EU policy on integration has had limited traction in the UK, not withstanding governments’ willing acceptance of EU integration funds to use for language tuition and civil society projects. Agreement by all EU states on Common Basic Principles on Integration in 2004 was followed by a modest programme of activity largely focused on sharing good practice, including an integration website that cites initiatives in the UK. The EU’s most significant intervention has perhaps been the Directives on discrimination in 2000. In the Equality Acts of 2006 and 2010 UK policy moved ahead of the requirements of EU law, not least in establishing a duty on public bodies to advance equality of opportunity and foster good relations that came into force in April 2011. Yet in its pre- 2010 form an existing duty to promote racial equality scarcely impacted on migrants and refugees, so marginal are they in practice to the equality agenda.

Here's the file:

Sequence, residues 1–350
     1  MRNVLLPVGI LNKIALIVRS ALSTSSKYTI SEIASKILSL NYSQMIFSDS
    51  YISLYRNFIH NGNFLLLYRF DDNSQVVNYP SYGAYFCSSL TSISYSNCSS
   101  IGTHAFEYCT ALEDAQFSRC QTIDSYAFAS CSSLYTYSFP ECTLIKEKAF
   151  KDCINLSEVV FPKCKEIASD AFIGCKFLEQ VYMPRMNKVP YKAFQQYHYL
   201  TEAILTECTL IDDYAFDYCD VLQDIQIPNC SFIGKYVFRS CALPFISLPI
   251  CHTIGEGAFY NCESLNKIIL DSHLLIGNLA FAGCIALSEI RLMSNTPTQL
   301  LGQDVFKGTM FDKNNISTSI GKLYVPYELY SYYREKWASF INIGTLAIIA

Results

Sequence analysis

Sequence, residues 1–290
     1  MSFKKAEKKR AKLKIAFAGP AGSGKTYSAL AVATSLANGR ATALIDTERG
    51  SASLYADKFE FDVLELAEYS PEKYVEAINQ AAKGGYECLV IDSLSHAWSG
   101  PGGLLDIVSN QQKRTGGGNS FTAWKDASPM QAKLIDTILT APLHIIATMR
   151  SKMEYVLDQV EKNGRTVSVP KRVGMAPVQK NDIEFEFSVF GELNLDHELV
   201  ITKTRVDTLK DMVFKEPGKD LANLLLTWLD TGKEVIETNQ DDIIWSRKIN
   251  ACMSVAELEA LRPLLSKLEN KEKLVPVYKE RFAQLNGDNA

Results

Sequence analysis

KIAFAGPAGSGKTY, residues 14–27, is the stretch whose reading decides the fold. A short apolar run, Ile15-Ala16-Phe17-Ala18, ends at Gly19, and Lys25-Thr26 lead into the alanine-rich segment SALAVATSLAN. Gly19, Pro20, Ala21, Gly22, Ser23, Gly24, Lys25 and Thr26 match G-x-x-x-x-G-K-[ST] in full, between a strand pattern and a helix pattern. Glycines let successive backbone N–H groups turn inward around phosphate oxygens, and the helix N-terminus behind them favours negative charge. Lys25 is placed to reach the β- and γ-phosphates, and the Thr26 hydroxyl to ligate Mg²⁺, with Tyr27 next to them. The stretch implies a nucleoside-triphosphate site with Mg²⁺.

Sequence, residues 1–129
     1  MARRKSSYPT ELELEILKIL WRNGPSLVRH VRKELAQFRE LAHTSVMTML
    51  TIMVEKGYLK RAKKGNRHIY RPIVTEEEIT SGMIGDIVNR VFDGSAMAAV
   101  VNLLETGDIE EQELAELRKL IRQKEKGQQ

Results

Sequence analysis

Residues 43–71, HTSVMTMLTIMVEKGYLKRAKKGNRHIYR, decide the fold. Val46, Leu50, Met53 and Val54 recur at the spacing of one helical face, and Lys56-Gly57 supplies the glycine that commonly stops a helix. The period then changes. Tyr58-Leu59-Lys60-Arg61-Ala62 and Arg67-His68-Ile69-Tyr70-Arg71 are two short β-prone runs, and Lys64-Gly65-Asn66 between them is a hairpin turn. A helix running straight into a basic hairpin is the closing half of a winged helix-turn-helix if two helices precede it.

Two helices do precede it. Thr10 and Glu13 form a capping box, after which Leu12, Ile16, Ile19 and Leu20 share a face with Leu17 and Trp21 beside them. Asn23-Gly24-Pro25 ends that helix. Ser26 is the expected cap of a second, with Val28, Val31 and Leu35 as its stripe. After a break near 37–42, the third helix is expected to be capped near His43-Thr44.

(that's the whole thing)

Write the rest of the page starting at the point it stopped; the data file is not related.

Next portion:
Government let off the hook